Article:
Thursday, 9 August 2018

Boultham Park Pop Out Festival


A shopping trolley in Boultham Park
Disgustoscope Making Workshops for Boultham Park Pop Out Festival
Sunday 2nd August 2018

Participants will be shown how to make a Disgustocope to take around the park and take interesting photos.
Materials provided.




Friday, 3 August 2018

PIP Application bureaucracy

Last week was my birthday. 
I'm now officially the answer to Life, The Universe and Everything. But according to the arts world, I am irrelevant. Ignored.

The Arts World does not want to know the answer to anything.

I went out for a meal. It had been a busy week doing a non-creative zero hours contract job that doesn't even pay the bills any more, so it was my attempt at some kind of normality.



Wagamamas, not from a food bank.
The Water Clock
The Water Clock on the Brayford Pool is working again, which was rather nice.

Birthday flowers
Self care and wellbeing involves being able to eat well, have some respite, and have a nice home. So I buy food from supermarkets, not grovel at food banks, and I do like some flowers to celebrate my birthday. Sunflowers are most apt.

But once my birthday is over, it's back to fighting austerity.

We shouldn't even be doing this
Here is the hated PIP Application Form that I am loath to fill out.
I AM NOT BEING PAID TO DO THIS.
Therefore, I know I am being forced into slavery.
I DO NOT AGREE WITH IT.

We have already applied last year and been rejected, so I expect no less.
This is not doing my mental health any good at all.

Last week, I had a voicemail while I was at work - in my non-arts zero hours contract job - to ask if the appointment could be changed. So I rang to say it could, and I cancelled an appointment with the CAB.

I had two appointments, one had been booked with the CAB, and the only available time they had was on Thursday morning, which is during my work hours. 
My son, being the applicant, and suffering from depression, would not be able to get up and go to the CAB office to do this.
When I asked about that, they said I could fill it out on his behalf with his consent.
The welfare team rang back just after I booked this and insisted that they had an appointment available on Monday afternoon. They would send someone to visit.
This seemed like a better option to suit us, so I rang back to say that the change of time was not a problem.

I asked what would happen if his sleep pattern changed again, which it does frequently, and he was not available to fill the form out. I asked if I could get his consent to fill out the form, as with the CAB.
They told me no, he must be present, so I now regret cancelling the appointment with the CAB and I trust neither the CAB nor the welfare team to not screw up the application.

I am obviously not able to do any artwork at the moment, which makes a mockery of my self employment.

I have applied to OPEM for a residency at The Collection for Peace Painting, and I realised that when I applied for the Artist's Flags commission, I made a typo in the email address, so they never got my application.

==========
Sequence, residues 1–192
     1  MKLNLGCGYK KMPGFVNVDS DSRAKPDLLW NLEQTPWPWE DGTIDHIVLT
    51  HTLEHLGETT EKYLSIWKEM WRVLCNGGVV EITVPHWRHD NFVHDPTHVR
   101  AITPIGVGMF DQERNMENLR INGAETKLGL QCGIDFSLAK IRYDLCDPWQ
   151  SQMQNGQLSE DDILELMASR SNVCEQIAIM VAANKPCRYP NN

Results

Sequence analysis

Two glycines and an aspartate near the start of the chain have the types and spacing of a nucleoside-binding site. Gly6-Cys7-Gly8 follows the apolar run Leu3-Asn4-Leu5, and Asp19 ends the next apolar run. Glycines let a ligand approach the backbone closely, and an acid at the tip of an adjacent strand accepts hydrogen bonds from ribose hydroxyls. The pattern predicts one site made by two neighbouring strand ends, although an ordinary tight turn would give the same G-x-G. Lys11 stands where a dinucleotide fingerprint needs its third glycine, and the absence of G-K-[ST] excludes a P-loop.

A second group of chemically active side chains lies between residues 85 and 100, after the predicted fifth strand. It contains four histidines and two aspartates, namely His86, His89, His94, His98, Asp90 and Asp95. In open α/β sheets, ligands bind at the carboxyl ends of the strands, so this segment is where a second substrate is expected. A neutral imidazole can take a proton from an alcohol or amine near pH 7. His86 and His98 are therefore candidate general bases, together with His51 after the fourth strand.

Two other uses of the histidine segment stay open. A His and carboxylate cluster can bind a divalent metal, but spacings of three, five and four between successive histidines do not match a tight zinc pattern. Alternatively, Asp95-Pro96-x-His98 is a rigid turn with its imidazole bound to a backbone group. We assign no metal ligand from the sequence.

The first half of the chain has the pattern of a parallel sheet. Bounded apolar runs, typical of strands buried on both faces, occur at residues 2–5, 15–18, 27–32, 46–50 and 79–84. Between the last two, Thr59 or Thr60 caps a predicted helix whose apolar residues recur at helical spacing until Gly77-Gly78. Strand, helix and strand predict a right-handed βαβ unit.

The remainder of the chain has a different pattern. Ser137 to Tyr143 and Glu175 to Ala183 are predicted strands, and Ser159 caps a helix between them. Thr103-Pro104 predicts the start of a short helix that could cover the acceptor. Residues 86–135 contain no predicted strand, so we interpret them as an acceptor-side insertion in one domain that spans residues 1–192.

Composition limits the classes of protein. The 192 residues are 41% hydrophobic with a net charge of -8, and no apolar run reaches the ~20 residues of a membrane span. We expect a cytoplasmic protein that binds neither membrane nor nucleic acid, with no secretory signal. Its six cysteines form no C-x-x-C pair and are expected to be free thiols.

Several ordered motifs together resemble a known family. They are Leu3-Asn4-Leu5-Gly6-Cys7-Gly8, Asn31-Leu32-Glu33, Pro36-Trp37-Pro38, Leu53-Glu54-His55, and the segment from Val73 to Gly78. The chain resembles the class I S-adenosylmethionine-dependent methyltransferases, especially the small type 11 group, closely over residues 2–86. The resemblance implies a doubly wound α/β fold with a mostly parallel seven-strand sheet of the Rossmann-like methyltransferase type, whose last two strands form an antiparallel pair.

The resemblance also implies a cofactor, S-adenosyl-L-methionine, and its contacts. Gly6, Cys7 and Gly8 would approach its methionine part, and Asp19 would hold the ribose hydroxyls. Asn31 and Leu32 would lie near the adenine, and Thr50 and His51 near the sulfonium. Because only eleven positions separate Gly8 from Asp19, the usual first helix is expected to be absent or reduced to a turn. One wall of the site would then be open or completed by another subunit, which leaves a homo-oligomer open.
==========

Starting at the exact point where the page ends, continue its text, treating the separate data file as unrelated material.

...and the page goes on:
The bureaucracy of dealing with the welfare team, who are doing everything in their power to obstruct, obtuse and hinder any welfare, is affecting my ability not only to work as an artist, but to apply for work as an artist.

I then have to deal with the bureaucracy of an arts world that refuses to accept my proposals.

I am desperately trying to find a way out of this situation, but at the same time, I'm fighting and losing against the persecution of austerity. Constantly.

You can listen to this Radio Four discussion about what we as Carers have to give up to look after family. c/o Carer's UK.

You can hear how heartbreaking it is for those of us that do not have any other way of supporting family. It's an IMPOSSIBLE decision.
If I knew there was somewhere my son could live, with paid carers to manage his depression, nurses properly qualified to give him the care he needs, like, I don't know, maybe a mental health unit - not an acute ward - he isn't always suicidal - or some form of care home, like the ones dementia patients live in, to make sure their needs are met, but for adults with mental health problems, then that would be all fine and dandy.

The alternative for us was that he could've been homeless, suicidal, or living with an abusive family that constantly told him that we didn't care for him.
So I had NO CHOICE. 
But I'm not being paid as if I were a carer working for the local authority - to do the same job that paid carers do for nothing whilst trying to keep a roof over our heads, and pay bills.
Hats off to the guy that was rich enough to be able to care positively without it impacting his lifestyle too much. But the harsh reality for many is that we have no choice and are forced into poverty, and as negative as that seems, it shouldn't be that way!
To say "You do it out of love" - that's great, but please do go and find me a house to live in where there is no mortgage, no rent, no utility bills, the supermarket shop is free, and all I need is love, because I'd really like to live in this place.
Love needs valuing properly.

And I am not working in the arts for his PIP. The arts world is not having a penny of his hard won ESA. 

Thursday, 28 June 2018

Pointless bureaucracy


After a respite break to relieve stress, I tried to get some advice about giving up a zero hours contract job to focus on my practice and my caring role.
I wasn't given any help or useful advice by the welfare team whatsoever. They just said "You know what do, then".
I don't.
I could give it up, and rely on self employment alone, but with the risk of Universal Credit potentially making us destitute, and the abuse from the arts world of insisting on so much free work, I can't risk that.

I really don't want to reapply for PIP, either, but this seems worth a try.